Clearly this commandment is connected to the general  commandment to remember the miracles of Egypt.  At most basic level we learn who gets to eat of the Passover sacrifice. This action very clearly helps us define the group and who is a part of our nation. But still what is the problem of breaking the bones?

About this the Sefer HaHinuch writes:

…it is not honorable for the sons of kings and the advisers of the land to drag the bones and break them like dogs. It is not a proper thing to do this, except for the impoverished among the people and the starving. And therefore, as we began to become the chosen of all nations, “a kingdom of priests and a holy nation” (Exodus 19:6), and in each and every year at that time, it is proper for us to do acts that show in us the great stature which we achieved at that hour. (Sefer HaHinuch 16)

This argument suggests that breaking the bones on any day would be beneath us, but on Passover when we are reenacting our liberation and lounging ( leaning)  as kings, we should not gnaw at bones like slaves.  It seems that there is still more going on with this commandment.

I was thinking about this question a few months ago while reading up on my Norse mythology.  At the time I was preparing to take my boys to see Thor: Ragnarok . As I learned Thor‘s chariot was pulled by two goats Tanngrisnir ( snarler) and Tanngnjóstr (teeth grinder).

Thor (1910) by Johannes Gehrts

When Thor was hungry, as he had an epic appetite, he would kill and cook the goats. After eating them Thor resurrected them with his hammer and they would be brought back to life the next day. Once while on one of their many adventures Thor and Loki stayed a night at the home of peasant farmers. Thor invited them to share with them his goat meal. Despite Thor’s warning against it, Loki suggests to the son of the farmer that he should taste of the goat marrow because it will make him like a god. Sure enough the mortal follows the suggestion of the trickster and breaks one of the bones to taste of the divine marrow.  When Thor resurrects the goats the next morning, he finds that one of the goats is lame and becomes enraged. As a result, Thor maintains  the farmer’s son and his sister as his servants and join Thor and Loki on their adventures.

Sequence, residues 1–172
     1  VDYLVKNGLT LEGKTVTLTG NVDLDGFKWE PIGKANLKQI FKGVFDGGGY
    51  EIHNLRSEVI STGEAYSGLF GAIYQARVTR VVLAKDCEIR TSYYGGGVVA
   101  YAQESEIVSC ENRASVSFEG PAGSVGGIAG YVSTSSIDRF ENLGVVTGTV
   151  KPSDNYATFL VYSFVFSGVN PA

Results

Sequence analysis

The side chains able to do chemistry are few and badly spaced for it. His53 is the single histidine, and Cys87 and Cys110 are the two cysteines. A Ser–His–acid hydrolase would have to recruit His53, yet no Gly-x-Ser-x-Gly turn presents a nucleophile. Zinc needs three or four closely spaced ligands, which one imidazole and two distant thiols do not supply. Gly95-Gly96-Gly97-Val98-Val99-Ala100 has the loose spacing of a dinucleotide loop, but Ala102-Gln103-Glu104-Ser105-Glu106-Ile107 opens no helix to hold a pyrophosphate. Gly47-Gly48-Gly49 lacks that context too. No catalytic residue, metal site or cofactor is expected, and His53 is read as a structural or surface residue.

While I know that a lamb is not a goat, there is something interesting here between these two narratives. Many believe that the lamb was a god to the Egyptians. The act of sacrificing the Egyptian god was itself an act of defiance and demonstrated the Israelite commitment to leave and not return. In light of this story of  Tanngrisnir and Tanngnjóstr, maybe the prohibition of breaking the bones is not that we are like dogs gnawing on bones. Maybe the prohibition is meant to stop us from listening to Loki the trickster. We might mistakenly think that we could become gods and ultimately just become servants. Our tradition is full of commandments that help us preserve the memory of our  exodus from Egypt. I believe this prohibition to breaking the bones of the Passover sacrifice is  to teach us humility. It is to remind us that this is a story of our liberation not our apotheosis.

-Also on Thor: Ragnarok: The Binding : Fenrir and Isaac  and Gog, Magog, & Ragnarök